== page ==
My mother witnessed a dog attack and someone said there was a possibility of filing a bystander claim. Is that possible?
Yes, it is possible to file a bystander claim after someone has witnessed a dog attack. If the parent or child of an injured victim saw a violent attack or witnessed a death, under Texas law, the witness may sue for mental anguish. In other words, Texas allows closely related bystanders to file suit for emotional distress.
Other Dog Bite FAQs:
- Are dog bites a common occurrence?
- Are dog bites common in Texas?
- Are the dog bite laws the same across Texas?
- Are there some common misconceptions about dog bite liability?
- Can you sue for a dog bite in Texas?
- Do I have to prove that the animal that attacked me is vicious?
- Do I have to prove the dog that attacked me was vicious?
- Do I need to take pictures after being bitten by a dog?
- How is liability for a dog bite established?
- How long does it take for a dog bite case to get to/go through court?
- I think the dog that bit me might have rabies. What do I do now?
- I was bitten by a dog the other day and needed stitches. Who is responsible/liable for the dog biting me?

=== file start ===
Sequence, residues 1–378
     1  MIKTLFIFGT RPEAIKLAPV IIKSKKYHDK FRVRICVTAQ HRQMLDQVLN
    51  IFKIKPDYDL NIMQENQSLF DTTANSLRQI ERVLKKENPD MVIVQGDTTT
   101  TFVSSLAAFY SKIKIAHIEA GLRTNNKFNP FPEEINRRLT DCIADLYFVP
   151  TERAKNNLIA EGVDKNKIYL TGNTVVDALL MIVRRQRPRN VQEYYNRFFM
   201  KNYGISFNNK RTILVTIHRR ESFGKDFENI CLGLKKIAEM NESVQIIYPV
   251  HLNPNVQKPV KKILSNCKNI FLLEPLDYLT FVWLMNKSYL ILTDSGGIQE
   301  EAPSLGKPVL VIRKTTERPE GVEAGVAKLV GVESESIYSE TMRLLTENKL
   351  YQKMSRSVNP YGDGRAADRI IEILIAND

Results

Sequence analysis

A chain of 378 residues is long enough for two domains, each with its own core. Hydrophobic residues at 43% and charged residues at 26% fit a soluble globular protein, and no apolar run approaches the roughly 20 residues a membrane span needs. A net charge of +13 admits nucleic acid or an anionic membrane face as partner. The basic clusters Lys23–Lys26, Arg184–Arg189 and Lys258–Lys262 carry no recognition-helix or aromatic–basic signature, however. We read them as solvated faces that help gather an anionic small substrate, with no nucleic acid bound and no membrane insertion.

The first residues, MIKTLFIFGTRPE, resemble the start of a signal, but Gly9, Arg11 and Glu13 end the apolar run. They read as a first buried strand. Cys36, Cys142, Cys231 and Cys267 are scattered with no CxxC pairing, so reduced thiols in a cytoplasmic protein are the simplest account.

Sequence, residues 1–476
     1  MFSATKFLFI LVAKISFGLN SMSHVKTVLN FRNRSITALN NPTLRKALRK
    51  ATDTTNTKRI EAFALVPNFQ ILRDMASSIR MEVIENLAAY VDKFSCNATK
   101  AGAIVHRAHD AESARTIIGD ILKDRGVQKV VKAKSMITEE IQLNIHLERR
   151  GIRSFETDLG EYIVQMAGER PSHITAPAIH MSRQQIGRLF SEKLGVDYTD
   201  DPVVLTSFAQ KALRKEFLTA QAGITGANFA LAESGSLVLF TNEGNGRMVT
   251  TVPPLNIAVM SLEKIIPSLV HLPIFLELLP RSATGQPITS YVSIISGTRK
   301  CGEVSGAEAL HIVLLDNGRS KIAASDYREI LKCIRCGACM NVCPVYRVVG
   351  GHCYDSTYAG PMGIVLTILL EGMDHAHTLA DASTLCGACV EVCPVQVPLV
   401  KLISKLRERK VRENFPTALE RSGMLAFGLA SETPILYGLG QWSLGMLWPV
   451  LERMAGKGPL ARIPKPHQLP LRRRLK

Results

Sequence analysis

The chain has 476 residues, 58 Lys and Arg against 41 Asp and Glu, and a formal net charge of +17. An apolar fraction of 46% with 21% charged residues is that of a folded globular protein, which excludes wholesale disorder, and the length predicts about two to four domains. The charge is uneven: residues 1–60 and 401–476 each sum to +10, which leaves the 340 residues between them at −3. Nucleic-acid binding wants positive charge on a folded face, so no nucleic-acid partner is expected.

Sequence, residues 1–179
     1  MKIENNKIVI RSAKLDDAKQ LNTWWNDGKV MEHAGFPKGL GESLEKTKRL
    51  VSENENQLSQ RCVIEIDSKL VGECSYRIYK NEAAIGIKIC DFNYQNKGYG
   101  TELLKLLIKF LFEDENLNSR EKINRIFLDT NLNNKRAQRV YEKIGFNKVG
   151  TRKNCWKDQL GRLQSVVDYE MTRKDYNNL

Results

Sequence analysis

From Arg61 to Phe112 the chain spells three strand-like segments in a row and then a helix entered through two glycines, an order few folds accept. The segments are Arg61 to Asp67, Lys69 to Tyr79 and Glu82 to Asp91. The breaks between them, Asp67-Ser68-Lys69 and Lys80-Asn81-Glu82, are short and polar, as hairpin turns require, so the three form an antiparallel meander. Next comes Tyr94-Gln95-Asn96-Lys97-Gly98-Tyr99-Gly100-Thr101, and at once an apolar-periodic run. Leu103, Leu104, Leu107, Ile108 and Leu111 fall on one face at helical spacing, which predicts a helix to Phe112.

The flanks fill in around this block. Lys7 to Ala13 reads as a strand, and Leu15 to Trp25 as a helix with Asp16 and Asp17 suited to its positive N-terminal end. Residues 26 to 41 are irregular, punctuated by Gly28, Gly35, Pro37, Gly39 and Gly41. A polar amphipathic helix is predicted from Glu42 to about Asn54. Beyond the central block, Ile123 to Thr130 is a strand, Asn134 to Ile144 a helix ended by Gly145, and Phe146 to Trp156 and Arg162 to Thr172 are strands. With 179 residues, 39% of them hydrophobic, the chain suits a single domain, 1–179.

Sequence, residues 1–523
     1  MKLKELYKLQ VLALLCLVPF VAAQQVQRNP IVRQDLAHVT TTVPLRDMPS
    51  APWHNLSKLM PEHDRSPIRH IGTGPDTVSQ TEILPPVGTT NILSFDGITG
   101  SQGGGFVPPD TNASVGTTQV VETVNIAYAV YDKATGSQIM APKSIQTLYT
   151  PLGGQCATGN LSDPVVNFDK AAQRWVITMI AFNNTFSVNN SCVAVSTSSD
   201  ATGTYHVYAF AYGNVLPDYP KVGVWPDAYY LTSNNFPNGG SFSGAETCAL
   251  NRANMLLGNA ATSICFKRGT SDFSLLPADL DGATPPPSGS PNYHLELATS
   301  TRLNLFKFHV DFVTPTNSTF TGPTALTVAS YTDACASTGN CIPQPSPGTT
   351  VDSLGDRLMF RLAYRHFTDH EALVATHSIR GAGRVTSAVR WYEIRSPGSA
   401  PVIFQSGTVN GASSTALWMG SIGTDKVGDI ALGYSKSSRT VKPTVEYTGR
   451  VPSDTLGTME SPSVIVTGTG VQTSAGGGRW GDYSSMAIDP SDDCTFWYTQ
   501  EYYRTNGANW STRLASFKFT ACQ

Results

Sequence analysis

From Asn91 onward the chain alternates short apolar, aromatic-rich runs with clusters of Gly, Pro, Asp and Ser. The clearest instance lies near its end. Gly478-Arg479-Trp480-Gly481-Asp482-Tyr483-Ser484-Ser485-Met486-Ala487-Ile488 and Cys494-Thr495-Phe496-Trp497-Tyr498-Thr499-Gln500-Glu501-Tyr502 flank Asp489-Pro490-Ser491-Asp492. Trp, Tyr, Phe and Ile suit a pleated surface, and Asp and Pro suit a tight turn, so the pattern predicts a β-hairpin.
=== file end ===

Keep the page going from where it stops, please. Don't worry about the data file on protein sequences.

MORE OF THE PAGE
- My mother witnessed a dog attack and someone said there was a possibility of filing a bystander claim. Is that possible?
- My neighbor’s dog bit me and he accused me of provoking the canine. Does that mean I don’t have a lawsuit?
- What am I supposed to do if I get bitten by a dog?
- What are the most common factors showing a dog owner knew or should have known their animal may be vicious?
- What are the worst injuries sustained during a dog attack?
- What compensation can I recover in a dog bite case?
- What do I do if a dog bites me?
- What happens if a dog not previously regarded as dangerous bites me?
- What is the current law in Texas in regard to dog bites?
- Who are usually the victims of dog bites?
- Who is responsible for paying damages in a dog bite case?
- Who responsible for paying any damages after the dog attack?